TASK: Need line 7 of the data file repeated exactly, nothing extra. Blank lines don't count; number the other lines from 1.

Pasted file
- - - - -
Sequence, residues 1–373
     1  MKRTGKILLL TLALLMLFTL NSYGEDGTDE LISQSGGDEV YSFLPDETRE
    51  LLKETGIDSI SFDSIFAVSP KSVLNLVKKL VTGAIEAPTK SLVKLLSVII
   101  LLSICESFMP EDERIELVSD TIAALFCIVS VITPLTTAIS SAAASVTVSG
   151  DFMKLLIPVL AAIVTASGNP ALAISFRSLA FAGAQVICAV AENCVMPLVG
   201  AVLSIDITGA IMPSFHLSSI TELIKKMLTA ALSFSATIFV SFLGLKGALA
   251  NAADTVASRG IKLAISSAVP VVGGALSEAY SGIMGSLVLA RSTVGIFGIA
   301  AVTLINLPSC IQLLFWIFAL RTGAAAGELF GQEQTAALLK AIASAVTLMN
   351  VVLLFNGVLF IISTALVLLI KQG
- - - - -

   251  NAADTVASRG IKLAISSAVP VVGGALSEAY SGIMGSLVLA RSTVGIFGIA